Intramurals: it’s everybody’s game

Nick White (right) and Justin Raymer run Missouri S&T’s intramurals program. Photo by B.A. Rupert

Nick White (right) and Justin Raymer run Missouri S&T’s intramurals program. Photo by B.A. Rupert

Missouri S&T’s intramurals program offers a wide array of competitive sports, including (okay, take a deep breath) badminton, basketball, billiards, bowling, cross country, darts, disc golf, dodge ball, flag football, golf, inner tube water polo, kickball, Madden Xbox, racquetball (time for another breath), soccer, softball, table tennis, tennis, track and field, ultimate Frisbee, volleyball, washers and weightlifting.

One man managed all of these activities for nearly five years as the only full-time staff member dedicated to recreation.

“It was a lot to keep track of by myself,” says Nick White, intramural manager. “I’m really glad we hired Justin — he’s been a huge help.” Justin Raymer joined S&T as intramural and recreation manager this semester.

The intramurals program offers students a chance to socialize and compete while promoting the value of fair play and a healthy lifestyle. Check the program out on Facebook and follow it on Twitter.

White and Raymer oversee three men’s and one women’s league per major sport (basketball, flag football, soccer, softball and volleyball). The leagues play Sunday through Thursday, with tournaments on the weekends. Some coed special events are offered, and there are plans to include more.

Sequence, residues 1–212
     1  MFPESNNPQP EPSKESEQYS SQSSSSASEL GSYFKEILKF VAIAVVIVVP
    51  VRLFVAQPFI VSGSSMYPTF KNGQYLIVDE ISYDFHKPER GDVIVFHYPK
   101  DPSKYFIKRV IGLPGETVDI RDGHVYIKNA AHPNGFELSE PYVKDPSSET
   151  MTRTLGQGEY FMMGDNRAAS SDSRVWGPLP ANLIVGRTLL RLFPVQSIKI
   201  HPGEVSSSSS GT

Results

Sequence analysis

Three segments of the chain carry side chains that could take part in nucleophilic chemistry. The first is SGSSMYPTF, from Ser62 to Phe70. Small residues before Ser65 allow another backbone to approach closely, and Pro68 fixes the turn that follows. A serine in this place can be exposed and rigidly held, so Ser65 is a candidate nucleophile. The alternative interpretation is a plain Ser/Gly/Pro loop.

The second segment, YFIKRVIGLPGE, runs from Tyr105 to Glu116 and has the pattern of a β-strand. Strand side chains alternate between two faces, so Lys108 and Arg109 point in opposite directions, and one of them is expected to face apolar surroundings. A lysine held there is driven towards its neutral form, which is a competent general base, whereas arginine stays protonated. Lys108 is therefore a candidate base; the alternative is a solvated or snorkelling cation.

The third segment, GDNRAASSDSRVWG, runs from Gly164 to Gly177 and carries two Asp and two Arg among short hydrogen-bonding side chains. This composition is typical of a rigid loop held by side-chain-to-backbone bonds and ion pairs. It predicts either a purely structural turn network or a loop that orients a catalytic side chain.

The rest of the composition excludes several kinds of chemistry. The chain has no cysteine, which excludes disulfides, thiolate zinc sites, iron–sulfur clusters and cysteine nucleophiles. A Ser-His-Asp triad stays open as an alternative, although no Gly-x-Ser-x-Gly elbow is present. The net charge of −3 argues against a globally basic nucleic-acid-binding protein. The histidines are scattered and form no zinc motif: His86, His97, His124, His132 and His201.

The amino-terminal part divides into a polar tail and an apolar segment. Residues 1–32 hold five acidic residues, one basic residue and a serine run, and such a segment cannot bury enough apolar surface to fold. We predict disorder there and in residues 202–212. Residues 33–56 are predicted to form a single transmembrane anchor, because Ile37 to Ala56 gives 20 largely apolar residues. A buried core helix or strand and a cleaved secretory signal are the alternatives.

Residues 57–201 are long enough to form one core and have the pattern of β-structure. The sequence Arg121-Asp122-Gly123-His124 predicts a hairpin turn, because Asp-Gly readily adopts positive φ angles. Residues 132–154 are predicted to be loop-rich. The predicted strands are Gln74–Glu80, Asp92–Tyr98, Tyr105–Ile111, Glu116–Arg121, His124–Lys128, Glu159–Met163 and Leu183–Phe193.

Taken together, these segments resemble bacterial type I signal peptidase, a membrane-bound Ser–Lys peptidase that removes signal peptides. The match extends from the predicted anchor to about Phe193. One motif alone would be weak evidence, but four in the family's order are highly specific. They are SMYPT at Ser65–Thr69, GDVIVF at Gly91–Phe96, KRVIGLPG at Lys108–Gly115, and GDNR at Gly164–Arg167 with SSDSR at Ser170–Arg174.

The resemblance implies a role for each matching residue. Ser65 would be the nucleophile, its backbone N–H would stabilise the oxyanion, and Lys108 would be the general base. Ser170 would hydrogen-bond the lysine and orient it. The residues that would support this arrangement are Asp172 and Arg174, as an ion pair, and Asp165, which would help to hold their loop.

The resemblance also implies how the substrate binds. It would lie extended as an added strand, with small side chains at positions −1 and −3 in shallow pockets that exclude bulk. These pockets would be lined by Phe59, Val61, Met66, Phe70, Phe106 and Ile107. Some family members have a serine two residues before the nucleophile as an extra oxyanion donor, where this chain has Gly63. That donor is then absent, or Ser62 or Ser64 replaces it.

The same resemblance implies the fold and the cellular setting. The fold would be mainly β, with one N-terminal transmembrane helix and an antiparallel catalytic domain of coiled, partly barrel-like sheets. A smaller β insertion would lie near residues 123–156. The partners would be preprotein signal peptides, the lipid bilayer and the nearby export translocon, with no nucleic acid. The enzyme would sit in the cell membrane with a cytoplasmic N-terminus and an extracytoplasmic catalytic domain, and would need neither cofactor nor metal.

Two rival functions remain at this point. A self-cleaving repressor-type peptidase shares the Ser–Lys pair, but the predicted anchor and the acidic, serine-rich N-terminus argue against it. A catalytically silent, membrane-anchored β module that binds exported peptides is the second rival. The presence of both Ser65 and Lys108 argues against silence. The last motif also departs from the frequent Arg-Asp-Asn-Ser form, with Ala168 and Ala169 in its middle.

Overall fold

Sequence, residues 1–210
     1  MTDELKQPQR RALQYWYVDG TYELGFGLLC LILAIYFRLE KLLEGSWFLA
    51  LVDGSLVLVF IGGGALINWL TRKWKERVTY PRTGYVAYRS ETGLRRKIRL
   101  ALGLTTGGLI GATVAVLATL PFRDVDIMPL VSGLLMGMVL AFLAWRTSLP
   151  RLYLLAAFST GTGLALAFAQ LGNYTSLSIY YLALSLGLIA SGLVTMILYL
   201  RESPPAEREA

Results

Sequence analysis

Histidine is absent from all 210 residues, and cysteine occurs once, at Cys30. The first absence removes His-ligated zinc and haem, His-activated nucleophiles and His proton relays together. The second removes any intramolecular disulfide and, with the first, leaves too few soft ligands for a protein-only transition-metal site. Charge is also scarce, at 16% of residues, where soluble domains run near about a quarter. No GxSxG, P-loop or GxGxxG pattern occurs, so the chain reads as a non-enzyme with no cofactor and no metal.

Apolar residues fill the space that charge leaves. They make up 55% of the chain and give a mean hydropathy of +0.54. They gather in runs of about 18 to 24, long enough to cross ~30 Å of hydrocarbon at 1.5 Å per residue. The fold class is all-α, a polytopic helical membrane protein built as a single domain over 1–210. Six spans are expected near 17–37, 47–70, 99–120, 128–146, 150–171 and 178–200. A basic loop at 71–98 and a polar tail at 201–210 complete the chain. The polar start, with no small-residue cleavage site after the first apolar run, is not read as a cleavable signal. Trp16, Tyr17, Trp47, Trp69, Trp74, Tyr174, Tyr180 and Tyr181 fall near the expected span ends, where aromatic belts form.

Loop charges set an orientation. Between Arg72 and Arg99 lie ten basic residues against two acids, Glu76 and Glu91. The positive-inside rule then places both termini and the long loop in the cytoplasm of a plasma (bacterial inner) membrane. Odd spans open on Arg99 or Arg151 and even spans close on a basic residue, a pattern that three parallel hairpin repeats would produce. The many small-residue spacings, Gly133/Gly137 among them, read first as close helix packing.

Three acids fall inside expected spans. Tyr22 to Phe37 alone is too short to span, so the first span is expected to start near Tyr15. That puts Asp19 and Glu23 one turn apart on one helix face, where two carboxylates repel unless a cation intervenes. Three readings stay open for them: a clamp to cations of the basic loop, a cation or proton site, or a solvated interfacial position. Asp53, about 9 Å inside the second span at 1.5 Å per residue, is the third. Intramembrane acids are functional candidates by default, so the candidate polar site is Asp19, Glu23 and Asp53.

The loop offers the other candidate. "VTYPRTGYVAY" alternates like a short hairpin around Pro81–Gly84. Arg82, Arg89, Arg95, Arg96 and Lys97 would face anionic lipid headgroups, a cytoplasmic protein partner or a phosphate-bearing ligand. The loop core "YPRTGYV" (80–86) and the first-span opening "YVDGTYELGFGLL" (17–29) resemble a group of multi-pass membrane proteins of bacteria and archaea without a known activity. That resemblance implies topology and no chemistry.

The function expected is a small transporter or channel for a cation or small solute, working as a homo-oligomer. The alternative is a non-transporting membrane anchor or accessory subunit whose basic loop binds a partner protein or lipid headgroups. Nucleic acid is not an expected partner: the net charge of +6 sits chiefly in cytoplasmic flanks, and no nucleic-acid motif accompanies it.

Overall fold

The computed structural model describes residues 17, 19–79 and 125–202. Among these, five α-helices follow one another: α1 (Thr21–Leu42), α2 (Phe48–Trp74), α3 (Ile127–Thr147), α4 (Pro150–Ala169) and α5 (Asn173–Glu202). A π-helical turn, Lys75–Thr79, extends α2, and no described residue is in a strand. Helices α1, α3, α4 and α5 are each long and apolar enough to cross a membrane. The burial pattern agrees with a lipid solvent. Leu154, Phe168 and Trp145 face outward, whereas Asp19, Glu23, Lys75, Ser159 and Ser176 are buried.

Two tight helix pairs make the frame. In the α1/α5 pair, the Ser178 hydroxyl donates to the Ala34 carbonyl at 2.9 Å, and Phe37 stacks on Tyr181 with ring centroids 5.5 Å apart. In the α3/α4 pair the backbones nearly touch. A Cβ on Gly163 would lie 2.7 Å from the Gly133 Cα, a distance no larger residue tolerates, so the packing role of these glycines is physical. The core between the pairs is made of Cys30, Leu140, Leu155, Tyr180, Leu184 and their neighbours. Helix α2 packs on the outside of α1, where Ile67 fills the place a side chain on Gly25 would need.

The program also includes Greek and other student group-sponsored philanthropy events like “Kickin’ it for Kids,” a kickball tournament that benefits Boys and Girls Clubs, and “Big Pink Volleyball,” which benefits breast cancer research.

Raymer says nearly 28 percent of all S&T students participate in the intramurals program. That’s a higher rate of activity than at most similar-sized campuses they’ve benchmarked. “Of course, we want the program to grow,” he says. A new sport the pair plans to introduce may do just that.

“It’s called ‘hantis’ — think hand-tennis. Two buddies of mine invented it,” says Raymer. “It’s a hybrid blend of a bunch of sports — volleyball, ping pong, dodge ball. I think it will catch on big time here because it’s a mixture of some sports that a lot of international students like.”

While White hasn’t tried hantis himself yet, he has watched the YouTube videos. “It looks pretty intense,” he laughs.

By Linda Fulps